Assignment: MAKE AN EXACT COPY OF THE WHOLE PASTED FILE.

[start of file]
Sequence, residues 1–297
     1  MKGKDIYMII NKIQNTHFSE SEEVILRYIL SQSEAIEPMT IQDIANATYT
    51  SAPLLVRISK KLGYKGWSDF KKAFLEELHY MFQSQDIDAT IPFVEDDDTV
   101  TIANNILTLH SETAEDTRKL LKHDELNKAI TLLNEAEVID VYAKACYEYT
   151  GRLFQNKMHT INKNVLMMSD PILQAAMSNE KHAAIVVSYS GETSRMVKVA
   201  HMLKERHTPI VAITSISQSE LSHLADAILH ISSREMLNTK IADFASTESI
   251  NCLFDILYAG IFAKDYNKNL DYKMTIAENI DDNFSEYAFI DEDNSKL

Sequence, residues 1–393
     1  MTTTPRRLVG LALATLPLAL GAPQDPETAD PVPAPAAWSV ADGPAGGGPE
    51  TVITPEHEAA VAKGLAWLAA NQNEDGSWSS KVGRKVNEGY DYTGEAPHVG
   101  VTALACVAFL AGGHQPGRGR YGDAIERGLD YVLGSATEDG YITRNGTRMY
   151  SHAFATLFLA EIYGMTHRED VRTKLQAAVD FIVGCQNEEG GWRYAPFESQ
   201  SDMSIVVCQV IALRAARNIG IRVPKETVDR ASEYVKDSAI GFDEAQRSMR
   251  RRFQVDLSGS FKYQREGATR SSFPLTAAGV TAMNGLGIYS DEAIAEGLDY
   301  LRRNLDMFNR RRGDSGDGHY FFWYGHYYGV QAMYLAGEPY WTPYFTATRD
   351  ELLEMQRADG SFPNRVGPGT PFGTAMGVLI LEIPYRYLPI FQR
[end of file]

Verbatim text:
Sequence, residues 1–297
     1  MKGKDIYMII NKIQNTHFSE SEEVILRYIL SQSEAIEPMT IQDIANATYT
    51  SAPLLVRISK KLGYKGWSDF KKAFLEELHY MFQSQDIDAT IPFVEDDDTV
   101  TIANNILTLH SETAEDTRKL LKHDELNKAI TLLNEAEVID VYAKACYEYT
   151  GRLFQNKMHT INKNVLMMSD PILQAAMSNE KHAAIVVSYS GETSRMVKVA
   201  HMLKERHTPI VAITSISQSE LSHLADAILH ISSREMLNTK IADFASTESI
   251  NCLFDILYAG IFAKDYNKNL DYKMTIAENI DDNFSEYAFI DEDNSKL

Sequence, residues 1–393
     1  MTTTPRRLVG LALATLPLAL GAPQDPETAD PVPAPAAWSV ADGPAGGGPE
    51  TVITPEHEAA VAKGLAWLAA NQNEDGSWSS KVGRKVNEGY DYTGEAPHVG
   101  VTALACVAFL AGGHQPGRGR YGDAIERGLD YVLGSATEDG YITRNGTRMY
   151  SHAFATLFLA EIYGMTHRED VRTKLQAAVD FIVGCQNEEG GWRYAPFESQ
   201  SDMSIVVCQV IALRAARNIG IRVPKETVDR ASEYVKDSAI GFDEAQRSMR
   251  RRFQVDLSGS FKYQREGATR SSFPLTAAGV TAMNGLGIYS DEAIAEGLDY
   301  LRRNLDMFNR RRGDSGDGHY FFWYGHYYGV QAMYLAGEPY WTPYFTATRD
   351  ELLEMQRADG SFPNRVGPGT PFGTAMGVLI LEIPYRYLPI FQR